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Afghan fish farmer applies for grant

Written by U.S. Air Force 1st Lt. Holly Hess Panjshir Provincial Reconstruction Team

Regional Command East - Combined Joint Task Force - 101Panjshir Province, Afghanistan – The Kentucky National Guard Agribusiness Development Team with Panjshir Provincial Reconstruction Team visited a fish farm in Doabe Khwak village in Paryan district August 18th.

The team assisted the owner with paperwork to apply for a U.S. Government Micro Grant.

“The majority of the programs that exist are for the government,” said U.S. Army Lt. Col. Jeffrey Casada, ADT leader with the Panjshir PRT and London, KY, native. “This grant is for the private individual.” 

It is a two-page application process to apply for up to $10,000 in funding for a private business, he said.

“The private individual has more at stake because it is his livelihood,” said Casada. “If you have invested in a project and put a lot of work into it, you want to see it succeed.”

U.S. Army Lt. Col. Jeffrey Casada, Kentucky National Guard Agribusiness Development Team leader with Panjshir Provincial Reconstruction Team and London, KY, native, helps a Paryan district fish farmer, Abdul Aziz, fill out an application for a micro grant. The grant allows private business owners to apply for up to $10,000 in funding. The Kentucky National Guard ADT and Panjshir PRT are teaming up with the local entrepreneur to educate him on modern techniques and expand his business. (Photo by U.S. Air Force 1st Lt. Holly Hess, Panjshir PRT Public Affairs)
U.S. Army Lt. Col. Jeffrey Casada, Kentucky National Guard Agribusiness Development Team leader with Panjshir Provincial Reconstruction Team and London, KY, native, helps a Paryan district fish farmer, Abdul Aziz, fill out an application for a micro grant. The grant allows private business owners to apply for up to $10,000 in funding. The Kentucky National Guard ADT and Panjshir PRT are teaming up with the local entrepreneur to educate him on modern techniques and expand his business. (Photo by U.S. Air Force 1st Lt. Holly Hess, Panjshir PRT Public Affairs)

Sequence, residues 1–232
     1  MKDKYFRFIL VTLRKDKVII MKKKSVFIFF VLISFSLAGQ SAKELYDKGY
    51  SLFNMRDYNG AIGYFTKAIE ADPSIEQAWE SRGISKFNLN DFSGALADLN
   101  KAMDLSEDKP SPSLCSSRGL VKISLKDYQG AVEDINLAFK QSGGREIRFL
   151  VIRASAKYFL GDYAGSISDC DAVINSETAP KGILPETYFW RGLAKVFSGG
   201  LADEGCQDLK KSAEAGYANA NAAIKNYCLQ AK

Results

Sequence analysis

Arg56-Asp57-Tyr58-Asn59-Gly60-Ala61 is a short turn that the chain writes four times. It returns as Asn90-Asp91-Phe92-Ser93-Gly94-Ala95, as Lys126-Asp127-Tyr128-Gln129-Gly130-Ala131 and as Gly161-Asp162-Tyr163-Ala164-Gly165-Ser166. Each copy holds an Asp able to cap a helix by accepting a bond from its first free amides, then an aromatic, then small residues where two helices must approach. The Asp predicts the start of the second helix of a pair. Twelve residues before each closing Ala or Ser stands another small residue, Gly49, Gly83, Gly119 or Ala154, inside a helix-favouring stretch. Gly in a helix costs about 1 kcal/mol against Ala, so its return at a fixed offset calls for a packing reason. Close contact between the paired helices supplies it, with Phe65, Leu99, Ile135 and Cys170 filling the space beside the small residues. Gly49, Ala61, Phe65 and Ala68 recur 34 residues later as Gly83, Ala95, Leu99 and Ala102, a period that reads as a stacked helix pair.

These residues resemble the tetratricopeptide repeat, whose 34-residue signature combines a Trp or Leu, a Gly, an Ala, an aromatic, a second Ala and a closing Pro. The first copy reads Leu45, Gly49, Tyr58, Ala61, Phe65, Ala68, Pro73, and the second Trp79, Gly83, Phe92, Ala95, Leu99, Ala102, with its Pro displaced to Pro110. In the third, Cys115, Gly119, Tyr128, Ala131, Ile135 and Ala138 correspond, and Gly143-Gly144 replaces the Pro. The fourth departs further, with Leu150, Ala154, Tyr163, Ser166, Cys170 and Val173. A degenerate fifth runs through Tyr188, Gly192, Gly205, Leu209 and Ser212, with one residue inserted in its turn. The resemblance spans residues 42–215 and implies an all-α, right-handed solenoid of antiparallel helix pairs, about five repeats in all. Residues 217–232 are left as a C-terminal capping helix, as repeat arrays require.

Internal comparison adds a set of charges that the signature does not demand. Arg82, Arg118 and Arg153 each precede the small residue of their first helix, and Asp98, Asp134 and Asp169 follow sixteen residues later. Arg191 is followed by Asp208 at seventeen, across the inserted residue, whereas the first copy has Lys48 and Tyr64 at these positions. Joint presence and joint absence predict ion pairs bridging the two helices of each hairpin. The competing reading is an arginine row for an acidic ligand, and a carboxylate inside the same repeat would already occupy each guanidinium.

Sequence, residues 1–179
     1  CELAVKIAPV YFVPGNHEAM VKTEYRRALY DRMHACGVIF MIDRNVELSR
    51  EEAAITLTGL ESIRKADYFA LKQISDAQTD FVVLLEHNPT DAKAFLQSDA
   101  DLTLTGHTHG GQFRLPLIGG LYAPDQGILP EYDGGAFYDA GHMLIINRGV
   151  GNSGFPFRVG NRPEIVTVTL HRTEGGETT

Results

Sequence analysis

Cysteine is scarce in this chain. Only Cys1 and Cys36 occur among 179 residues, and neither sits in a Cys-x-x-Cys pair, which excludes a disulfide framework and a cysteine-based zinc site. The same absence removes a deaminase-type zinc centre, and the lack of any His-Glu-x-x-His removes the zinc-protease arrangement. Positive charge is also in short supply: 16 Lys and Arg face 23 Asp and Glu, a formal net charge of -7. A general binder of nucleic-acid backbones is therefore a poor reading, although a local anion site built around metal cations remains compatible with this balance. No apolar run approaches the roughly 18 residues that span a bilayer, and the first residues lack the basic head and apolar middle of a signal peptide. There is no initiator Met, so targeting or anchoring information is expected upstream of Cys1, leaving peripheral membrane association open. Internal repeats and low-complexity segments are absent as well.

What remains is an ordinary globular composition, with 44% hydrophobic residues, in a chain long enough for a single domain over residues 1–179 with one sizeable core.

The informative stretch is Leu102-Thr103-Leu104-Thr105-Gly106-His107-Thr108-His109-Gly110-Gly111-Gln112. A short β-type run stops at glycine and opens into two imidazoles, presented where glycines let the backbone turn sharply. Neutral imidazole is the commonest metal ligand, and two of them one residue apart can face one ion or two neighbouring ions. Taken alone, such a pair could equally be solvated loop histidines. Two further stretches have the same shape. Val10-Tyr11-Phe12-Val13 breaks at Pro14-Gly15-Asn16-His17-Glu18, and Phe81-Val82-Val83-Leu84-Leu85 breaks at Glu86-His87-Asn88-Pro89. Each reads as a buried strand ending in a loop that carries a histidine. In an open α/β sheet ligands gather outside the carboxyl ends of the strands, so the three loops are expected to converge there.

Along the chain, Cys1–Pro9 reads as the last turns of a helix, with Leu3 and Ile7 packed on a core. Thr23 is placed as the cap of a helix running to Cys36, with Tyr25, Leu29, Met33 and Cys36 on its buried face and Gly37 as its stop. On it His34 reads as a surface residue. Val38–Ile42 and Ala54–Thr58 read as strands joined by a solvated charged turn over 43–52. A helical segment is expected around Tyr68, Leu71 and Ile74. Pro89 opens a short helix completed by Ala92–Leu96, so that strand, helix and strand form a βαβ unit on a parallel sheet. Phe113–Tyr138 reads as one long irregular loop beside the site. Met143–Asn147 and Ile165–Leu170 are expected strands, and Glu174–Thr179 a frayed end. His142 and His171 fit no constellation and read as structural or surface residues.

The farm was spotted on a previous mission, so the ADT wanted to take a look at it to see if they could assist.

Abdul Aziz, the owner and operator of the Paryan District fish farm, said he built the farm in February and started raising fish this past April.

“We bought the eggs from Kabul,” said Aziz through an interpreter. “We will raise them and then sell them at the bazaar for 300 Afghani per kilogram.”

Aziz said the money he gets would go back into the farm and help feed his family, but if he gets the grant, he would like to improve the fish farm in various ways.

“If we get the money, I would buy cement to make it bigger, build a retaining wall with a gate, and get more fish food,” said Aziz. “We have 3,000 fish right now, but if we make it bigger, I would try to have 40,000 fish and hire two more workers to help.”

Casada said the ADT will also educate the owner on modern techniques to help improve the farm.

A local worker, from the Doabe Khwak village, feeds fish in a Paryan District fish farm. The Kentucky National Guard Agribusiness Development Team and Panjshir Provincial Reconstruction Team are teaming up with a local entrepreneur to educate him on modern techniques and apply for a grant to expand his business. (Photo by U.S. Air Force 1st Lt. Holly Hess, Panjshir PRT Public Affairs)
A local worker, from the Doabe Khwak village, feeds fish in a Paryan District fish farm. The Kentucky National Guard Agribusiness Development Team and Panjshir Provincial Reconstruction Team are teaming up with a local entrepreneur to educate him on modern techniques and apply for a grant to expand his business. (Photo by U.S. Air Force 1st Lt. Holly Hess, Panjshir PRT Public Affairs)

“These fish should grow to full size in about a year and a half with the right food,” said Casada. “He is feeding the fish a diet of wheat, mulberries and fishmeal, but the fish should have grown larger since our last visit, so I don’t think they have enough protein.”

Casada also said they are requesting to have a fish farm specialist evaluate the farm and diet in order to increase the likelihood for success.

“Anytime you have fish in a closed area, you have to be careful of disease,” he said.

Casada said if this is successful the project could be used as a pilot program for other districts.

“He is someone who can teach and involve others,” said Casada. “Eventually, no funds will need to be invested, and it will be a self-sustaining project.”

Aziz is the only known farmer raising fish in the Paryan District and expects to harvest his fish next fall.

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